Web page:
Punch Tavern, Fleet Street
London, May, 2014
Dear Ms. [representative],
Thank you again. I have decided not to renew my subscription in any way, shape, or form. That is the best way I know to tell SF Opera how unhappy I am with the upcoming season, which has uninteresting repertory choices and (mostly) disappointing casting.
I will buy single seats or go standing room to those operas I want to see.
And it surprised Mr. Gelb, who said in an interview that he had been in talk with Mr. Levine about announcing the conductor’s retirement after this season and making him the Met’s music director emeritus. But Mr. Gelb said he felt obligated, both morally and artistically, to see if changing Mr. Levine’s dosage would improve his upper body movement and help him get back to normal.
“He has supported this company, he has given everything to this company, and I feel the Met’s responsibility is to support him as long as we can,” Mr. Gelb, who briefed the Met’s board members on the situation on Monday, said in an interview. “If in fact it’s possible that by regulating his medication he will be able to conduct like the James Levine of before, that would be a miraculous turn of events that everyone here would embrace and cheer for.”It's going on five years since Levine resigned from the BSO, and during those five years, he had two years of not conducting at all and an extremely limited schedule since 2013. Here's what I said in 2012 about the situation at the Met:
It's the Board's responsibility, first and foremost, to take care of the institution, but it looks as though their primary concern right now is taking care of James Levine. I understand their desire to have him as active as possible in an organization he has helped shape for so long. But their evident reluctance to contemplate life without Levine is a serious concern. It is not good for the Met to be so dependent on one individual.
Star tenor Roberto Alagna—currently at the Met giving an acclaimed performance of Canio in Pagliacci—will sing his first-ever performances of des Grieux in Manon Lescaut, replacing Kaufmann. To allow time for him learn the staging before theFebruary 12 new production premiere, Alagna must withdraw from his remaining performances as Canio as he undertakes this new challenge. The French tenor, who has sung more than 100 Met performances since 1996, learned the role of des Grieux for a 2006 series of performances that were canceled, meaning that this season’s Met performances are the first time he will ever sing the part onstage.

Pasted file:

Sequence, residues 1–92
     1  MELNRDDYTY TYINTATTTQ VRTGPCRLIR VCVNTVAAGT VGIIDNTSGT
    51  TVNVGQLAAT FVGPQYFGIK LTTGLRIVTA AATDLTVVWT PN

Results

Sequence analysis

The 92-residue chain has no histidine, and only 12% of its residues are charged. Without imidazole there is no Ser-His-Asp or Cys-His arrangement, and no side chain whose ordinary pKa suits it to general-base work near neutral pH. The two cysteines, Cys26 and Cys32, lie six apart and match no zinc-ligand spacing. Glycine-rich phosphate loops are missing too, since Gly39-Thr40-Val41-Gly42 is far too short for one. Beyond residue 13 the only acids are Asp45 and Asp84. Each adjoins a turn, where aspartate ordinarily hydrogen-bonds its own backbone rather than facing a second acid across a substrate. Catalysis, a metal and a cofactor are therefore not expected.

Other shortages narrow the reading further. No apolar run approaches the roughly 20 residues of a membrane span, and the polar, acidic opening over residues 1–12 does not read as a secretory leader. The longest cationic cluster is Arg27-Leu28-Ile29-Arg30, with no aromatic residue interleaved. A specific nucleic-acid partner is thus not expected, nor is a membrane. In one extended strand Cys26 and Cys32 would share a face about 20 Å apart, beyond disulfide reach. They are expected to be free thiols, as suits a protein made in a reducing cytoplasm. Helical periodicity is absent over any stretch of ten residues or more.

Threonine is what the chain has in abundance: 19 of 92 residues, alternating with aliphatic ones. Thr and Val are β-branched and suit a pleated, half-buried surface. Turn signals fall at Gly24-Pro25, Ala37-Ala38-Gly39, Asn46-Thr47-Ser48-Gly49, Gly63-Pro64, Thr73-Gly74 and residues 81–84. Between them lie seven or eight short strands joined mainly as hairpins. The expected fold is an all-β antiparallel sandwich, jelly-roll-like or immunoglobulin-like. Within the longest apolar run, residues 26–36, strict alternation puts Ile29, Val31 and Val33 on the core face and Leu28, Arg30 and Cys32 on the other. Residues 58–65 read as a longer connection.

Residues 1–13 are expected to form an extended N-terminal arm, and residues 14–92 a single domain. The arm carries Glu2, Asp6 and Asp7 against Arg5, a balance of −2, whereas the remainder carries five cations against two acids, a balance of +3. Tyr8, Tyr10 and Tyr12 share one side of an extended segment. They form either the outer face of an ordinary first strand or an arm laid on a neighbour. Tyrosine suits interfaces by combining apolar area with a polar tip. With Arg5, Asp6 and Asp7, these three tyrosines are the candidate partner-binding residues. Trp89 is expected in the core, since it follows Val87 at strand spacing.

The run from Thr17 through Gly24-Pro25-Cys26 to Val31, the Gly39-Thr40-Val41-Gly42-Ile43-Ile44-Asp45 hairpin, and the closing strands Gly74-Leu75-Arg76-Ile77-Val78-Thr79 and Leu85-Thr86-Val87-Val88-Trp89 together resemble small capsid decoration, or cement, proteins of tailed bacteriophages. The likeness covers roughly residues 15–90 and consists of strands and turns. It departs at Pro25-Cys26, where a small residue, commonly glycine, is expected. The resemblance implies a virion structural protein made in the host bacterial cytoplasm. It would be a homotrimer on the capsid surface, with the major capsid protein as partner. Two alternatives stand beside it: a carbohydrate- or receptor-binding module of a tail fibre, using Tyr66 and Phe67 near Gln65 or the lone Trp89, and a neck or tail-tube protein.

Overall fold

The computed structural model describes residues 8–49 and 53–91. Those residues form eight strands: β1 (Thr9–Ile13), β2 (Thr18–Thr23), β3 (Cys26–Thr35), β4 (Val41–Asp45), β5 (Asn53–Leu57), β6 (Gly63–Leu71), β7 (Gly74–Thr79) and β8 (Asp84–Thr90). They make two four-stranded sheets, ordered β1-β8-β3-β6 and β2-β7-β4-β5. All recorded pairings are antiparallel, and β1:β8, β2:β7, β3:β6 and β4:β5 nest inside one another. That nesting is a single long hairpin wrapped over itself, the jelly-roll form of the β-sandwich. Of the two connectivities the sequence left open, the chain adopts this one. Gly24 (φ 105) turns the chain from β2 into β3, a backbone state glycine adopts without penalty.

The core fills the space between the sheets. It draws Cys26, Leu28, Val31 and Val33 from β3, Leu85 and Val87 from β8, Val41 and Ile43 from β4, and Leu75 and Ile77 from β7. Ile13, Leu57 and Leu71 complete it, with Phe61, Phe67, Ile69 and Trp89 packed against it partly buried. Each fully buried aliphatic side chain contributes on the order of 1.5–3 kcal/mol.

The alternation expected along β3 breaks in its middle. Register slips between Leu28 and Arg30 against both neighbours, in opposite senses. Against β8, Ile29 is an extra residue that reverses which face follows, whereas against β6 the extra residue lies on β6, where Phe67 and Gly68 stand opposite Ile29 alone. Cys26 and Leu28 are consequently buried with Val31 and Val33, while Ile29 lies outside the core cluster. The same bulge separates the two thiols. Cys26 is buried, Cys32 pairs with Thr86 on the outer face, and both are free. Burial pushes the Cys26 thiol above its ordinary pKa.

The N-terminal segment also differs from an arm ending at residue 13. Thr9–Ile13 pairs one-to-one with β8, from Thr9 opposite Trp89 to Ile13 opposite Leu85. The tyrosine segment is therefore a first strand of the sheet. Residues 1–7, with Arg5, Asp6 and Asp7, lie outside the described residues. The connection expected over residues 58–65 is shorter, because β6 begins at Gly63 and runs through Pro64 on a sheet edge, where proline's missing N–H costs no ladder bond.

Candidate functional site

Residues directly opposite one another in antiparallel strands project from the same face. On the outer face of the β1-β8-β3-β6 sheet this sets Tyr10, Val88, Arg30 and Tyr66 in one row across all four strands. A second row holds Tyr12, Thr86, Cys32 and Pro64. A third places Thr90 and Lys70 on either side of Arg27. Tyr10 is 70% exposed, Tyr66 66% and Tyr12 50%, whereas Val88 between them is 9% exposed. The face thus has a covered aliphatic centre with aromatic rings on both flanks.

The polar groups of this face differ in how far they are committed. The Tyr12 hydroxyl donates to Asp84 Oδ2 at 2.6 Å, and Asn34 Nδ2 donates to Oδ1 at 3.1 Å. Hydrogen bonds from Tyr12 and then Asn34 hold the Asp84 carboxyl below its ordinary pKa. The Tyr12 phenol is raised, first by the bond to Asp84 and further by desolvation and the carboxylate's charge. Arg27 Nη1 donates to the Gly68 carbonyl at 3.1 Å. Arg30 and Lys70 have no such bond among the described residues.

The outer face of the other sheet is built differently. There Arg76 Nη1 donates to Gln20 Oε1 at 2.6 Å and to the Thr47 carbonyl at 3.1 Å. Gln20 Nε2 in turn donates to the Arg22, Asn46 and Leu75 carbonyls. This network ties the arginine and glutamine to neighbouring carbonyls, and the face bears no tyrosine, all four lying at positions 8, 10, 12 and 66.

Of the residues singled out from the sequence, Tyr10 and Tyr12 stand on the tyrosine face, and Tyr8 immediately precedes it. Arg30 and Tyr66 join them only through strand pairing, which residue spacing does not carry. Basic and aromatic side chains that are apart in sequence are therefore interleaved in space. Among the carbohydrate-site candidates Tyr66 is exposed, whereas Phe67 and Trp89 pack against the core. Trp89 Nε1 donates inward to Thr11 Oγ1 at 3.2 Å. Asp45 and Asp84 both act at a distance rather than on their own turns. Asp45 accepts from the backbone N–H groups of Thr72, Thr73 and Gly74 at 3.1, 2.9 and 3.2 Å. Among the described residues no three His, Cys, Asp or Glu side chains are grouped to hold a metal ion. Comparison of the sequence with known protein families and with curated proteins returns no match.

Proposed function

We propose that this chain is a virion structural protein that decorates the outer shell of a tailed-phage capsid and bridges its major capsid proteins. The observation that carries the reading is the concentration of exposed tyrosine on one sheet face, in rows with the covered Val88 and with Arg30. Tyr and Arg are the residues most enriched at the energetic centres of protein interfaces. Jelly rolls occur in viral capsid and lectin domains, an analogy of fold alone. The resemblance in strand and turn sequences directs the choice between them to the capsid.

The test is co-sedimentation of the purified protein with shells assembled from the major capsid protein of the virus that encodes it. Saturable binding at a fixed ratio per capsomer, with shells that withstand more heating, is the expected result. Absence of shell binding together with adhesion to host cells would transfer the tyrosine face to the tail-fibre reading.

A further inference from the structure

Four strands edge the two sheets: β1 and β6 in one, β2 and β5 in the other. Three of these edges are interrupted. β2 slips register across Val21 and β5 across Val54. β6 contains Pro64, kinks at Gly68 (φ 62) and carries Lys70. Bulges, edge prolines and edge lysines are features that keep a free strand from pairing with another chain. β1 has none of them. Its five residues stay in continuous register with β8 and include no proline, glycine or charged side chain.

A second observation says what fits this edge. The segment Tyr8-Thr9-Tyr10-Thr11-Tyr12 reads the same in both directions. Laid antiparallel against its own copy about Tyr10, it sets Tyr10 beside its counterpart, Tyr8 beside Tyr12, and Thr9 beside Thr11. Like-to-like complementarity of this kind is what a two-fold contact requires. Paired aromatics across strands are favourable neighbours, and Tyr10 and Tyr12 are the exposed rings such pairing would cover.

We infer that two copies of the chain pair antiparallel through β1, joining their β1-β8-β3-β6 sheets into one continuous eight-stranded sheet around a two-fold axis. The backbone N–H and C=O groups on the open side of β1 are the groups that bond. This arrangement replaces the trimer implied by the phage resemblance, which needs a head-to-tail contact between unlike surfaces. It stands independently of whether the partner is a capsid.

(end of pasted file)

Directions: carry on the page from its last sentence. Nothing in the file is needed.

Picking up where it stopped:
Marco Berti, currently starring at the Met as Calàf in Puccini’s Turandot, will replace Alagna as Canio in the remaining performances of Pagliacci. These performances will be Berti’s Met role debut as Canio.(Let's just say that at this point, I will faint if Kaufmann ever sings opera on the West Coast.)
“This is a transition year, and I didn’t want to leave my successor with something big and ugly,” Gockley said in a phone interview. “I wanted to be sure to hand Matthew something that was attainable.”This is a sad state of affairs and doesn't serve the audience well. Or at least it doesn't serve audience members who want something beyond the operatic top 10 (or 25), who want the repertory to expand rather than contract, who think that a little dissonance doesn't chase audiences away, who think that there are plenty of operas with tunes that are never heard but are worth reviving, whether that's early Verdi, the unknown Donizetti, operas by Respighi, Martinu, and others.